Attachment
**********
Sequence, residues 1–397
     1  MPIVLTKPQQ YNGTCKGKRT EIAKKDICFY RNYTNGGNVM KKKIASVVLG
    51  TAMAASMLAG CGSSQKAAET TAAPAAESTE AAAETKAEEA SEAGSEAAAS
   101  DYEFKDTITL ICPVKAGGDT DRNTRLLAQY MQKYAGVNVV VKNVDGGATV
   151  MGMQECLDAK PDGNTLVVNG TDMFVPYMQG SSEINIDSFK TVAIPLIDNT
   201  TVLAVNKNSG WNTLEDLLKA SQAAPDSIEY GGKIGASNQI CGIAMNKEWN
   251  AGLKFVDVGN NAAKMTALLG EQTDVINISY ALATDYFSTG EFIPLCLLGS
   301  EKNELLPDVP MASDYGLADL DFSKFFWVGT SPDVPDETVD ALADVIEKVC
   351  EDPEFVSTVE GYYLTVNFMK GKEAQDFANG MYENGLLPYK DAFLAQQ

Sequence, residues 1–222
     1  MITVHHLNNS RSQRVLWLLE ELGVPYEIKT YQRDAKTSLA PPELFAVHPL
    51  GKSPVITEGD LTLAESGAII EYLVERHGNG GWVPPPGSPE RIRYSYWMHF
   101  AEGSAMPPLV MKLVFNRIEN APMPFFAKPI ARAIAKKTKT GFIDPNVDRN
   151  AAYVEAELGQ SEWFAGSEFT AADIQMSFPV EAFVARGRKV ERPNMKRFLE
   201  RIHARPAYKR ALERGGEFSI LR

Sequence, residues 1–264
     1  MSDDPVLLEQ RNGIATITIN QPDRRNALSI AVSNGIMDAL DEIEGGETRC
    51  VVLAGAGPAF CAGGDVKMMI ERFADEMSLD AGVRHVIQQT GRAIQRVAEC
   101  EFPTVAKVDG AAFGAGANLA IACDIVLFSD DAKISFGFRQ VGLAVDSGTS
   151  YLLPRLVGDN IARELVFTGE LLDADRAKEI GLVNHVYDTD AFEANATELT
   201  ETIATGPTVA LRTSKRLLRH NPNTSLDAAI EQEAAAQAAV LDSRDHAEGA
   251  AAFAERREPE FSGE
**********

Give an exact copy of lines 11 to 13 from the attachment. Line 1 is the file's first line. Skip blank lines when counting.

     1  MITVHHLNNS RSQRVLWLLE ELGVPYEIKT YQRDAKTSLA PPELFAVHPL
    51  GKSPVITEGD LTLAESGAII EYLVERHGNG GWVPPPGSPE RIRYSYWMHF
   101  AEGSAMPPLV MKLVFNRIEN APMPFFAKPI ARAIAKKTKT GFIDPNVDRN